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  • 17 November 2010 05:59, by Gatwech

    Dear readers,

    It is very funny that somebody in the north is dreaming of confederal system with the south after more than 50 years of miserable failure for the two to stay together.

    To me, the best offer for the two to continue smelling each other is through the soft borders as envisioned by South Sudan leadership.

    Yes, why in a haste when the post-referendum issues can be resolved after referendum. Even the South will have six months to prepare itself for the launching of its independence on July 9, 2011. \

    By that time we will have completed all the necessary preparations for a new nation and come up with a very good national anthem to sing during the official declaration of independence on July 9.

    All southerners should vote for secession (separation) on January 9, so that the independence will be declared on July 9.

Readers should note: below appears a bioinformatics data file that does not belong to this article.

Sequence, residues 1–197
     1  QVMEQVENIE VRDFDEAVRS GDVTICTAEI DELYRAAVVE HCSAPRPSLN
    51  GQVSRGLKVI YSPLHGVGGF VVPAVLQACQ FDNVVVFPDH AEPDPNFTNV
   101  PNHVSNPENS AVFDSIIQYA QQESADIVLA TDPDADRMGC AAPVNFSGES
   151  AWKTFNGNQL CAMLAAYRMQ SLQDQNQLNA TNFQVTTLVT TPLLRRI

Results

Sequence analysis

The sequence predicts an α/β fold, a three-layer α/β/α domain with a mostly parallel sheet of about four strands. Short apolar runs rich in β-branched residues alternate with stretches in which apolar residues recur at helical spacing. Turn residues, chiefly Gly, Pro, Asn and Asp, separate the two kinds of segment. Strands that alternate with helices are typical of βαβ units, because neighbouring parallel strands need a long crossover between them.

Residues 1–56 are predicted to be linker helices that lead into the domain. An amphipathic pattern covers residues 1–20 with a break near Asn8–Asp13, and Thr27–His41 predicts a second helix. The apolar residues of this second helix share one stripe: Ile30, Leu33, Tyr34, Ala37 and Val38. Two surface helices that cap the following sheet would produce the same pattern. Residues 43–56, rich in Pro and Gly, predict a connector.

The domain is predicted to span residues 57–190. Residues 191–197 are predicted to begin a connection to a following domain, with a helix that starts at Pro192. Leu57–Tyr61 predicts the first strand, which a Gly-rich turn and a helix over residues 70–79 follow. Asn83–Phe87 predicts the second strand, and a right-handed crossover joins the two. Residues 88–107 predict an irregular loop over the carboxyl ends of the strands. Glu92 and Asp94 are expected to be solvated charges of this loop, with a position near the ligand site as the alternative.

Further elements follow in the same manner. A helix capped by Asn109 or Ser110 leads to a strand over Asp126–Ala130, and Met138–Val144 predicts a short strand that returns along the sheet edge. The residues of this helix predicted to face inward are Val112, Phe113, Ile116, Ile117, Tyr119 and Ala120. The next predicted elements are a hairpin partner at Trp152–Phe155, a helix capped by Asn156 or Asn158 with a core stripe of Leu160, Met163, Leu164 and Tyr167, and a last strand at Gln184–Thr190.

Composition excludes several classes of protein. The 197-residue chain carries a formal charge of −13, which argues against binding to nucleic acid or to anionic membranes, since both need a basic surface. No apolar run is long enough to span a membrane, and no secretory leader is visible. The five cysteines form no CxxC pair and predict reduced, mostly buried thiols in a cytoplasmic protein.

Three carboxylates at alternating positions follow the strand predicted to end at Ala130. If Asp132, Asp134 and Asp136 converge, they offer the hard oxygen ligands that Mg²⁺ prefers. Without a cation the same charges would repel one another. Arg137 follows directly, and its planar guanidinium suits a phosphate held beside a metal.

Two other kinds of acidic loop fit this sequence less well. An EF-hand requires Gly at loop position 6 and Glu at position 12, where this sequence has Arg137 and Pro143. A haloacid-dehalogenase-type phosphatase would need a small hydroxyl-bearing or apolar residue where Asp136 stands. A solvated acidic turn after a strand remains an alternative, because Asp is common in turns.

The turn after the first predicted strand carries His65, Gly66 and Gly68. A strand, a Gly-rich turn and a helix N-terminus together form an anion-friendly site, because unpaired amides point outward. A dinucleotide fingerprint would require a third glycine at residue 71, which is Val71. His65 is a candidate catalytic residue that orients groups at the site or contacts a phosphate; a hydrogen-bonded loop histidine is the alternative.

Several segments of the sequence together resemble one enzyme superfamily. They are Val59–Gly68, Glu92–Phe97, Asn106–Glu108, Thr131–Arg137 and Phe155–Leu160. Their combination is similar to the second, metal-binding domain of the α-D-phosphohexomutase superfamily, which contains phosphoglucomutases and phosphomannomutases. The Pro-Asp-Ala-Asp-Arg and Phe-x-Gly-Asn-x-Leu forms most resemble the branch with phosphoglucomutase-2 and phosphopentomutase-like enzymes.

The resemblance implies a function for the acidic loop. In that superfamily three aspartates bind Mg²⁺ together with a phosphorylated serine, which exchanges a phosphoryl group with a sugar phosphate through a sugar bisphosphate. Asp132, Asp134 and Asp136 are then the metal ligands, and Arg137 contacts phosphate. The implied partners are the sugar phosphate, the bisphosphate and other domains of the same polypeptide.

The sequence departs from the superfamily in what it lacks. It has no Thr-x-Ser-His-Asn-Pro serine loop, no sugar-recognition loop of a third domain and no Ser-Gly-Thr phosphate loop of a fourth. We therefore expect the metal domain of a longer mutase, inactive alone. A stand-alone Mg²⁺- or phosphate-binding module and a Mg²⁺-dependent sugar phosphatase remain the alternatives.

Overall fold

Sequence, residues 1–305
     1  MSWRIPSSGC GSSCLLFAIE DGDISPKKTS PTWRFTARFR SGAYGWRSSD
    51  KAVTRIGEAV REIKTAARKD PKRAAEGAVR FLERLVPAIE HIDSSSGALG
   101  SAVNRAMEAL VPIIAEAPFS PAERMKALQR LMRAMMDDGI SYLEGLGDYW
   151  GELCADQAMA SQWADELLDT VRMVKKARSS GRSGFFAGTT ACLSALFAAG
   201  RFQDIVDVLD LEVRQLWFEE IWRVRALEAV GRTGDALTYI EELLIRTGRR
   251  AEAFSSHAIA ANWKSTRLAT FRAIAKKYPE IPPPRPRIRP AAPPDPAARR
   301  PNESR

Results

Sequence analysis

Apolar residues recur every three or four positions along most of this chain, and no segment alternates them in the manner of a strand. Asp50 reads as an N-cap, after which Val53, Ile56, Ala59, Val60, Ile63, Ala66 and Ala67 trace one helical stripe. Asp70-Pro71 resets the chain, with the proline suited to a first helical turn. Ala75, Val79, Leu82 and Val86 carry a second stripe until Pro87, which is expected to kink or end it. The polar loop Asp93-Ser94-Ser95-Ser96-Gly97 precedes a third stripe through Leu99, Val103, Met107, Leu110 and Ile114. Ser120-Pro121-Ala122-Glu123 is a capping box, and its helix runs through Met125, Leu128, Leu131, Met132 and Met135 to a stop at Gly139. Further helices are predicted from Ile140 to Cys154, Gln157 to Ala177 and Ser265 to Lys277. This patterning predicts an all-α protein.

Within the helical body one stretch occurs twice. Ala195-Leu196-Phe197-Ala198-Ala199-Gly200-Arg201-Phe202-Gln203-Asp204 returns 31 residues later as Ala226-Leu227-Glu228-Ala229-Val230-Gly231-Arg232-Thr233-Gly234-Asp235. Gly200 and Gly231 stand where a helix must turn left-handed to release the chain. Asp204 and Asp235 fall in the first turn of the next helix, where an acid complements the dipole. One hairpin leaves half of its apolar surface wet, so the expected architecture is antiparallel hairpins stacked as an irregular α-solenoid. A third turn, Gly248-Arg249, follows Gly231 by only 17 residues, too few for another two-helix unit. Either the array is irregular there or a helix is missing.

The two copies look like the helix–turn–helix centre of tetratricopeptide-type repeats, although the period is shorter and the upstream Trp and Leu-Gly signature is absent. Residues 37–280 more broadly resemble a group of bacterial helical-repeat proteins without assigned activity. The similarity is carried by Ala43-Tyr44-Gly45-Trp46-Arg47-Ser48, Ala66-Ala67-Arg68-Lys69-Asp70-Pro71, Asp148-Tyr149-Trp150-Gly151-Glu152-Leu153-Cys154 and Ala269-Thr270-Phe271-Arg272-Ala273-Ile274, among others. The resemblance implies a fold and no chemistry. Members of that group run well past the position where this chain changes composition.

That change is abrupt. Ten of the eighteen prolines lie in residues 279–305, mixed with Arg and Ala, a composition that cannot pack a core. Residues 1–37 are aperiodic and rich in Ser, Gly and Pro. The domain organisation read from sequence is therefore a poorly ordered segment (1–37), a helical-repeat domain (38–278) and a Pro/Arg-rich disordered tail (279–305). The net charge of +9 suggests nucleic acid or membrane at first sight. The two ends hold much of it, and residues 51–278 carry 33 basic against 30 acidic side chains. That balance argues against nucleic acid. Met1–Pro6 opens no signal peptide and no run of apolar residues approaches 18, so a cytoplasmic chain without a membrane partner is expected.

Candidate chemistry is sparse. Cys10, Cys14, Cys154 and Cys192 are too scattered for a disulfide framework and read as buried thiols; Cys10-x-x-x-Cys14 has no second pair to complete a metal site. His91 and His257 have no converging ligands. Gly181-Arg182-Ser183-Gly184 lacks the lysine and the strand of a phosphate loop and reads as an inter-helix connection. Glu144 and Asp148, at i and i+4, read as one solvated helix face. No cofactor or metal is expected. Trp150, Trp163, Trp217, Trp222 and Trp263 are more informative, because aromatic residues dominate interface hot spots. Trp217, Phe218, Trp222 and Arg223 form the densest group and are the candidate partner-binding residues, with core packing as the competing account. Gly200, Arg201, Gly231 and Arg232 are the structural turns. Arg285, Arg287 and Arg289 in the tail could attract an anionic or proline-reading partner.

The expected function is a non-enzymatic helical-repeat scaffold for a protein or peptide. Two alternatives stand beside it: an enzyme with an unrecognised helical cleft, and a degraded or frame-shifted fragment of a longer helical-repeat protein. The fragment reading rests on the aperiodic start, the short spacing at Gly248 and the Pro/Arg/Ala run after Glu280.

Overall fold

South Sudan oyeee........

    repondre message

    • 17 November 2010 10:06, by visitor

      I keep asking but no-one answers: what is the point of separating when south Sudan is going to allow the immigration and freedom of Muslims? You will be an Islamic state in the end, and it won’t be far off, what with all the Somalians coming in too. So what does south Sudan have to gain? Just a party after the referendum?

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      • 17 November 2010 12:38, by Joseph

        Mr. Visitor

        Before I answer your question, are you for unity or separation?
        I’m a true liberator who liberates some parts of southern Sudan 1985 to 1999.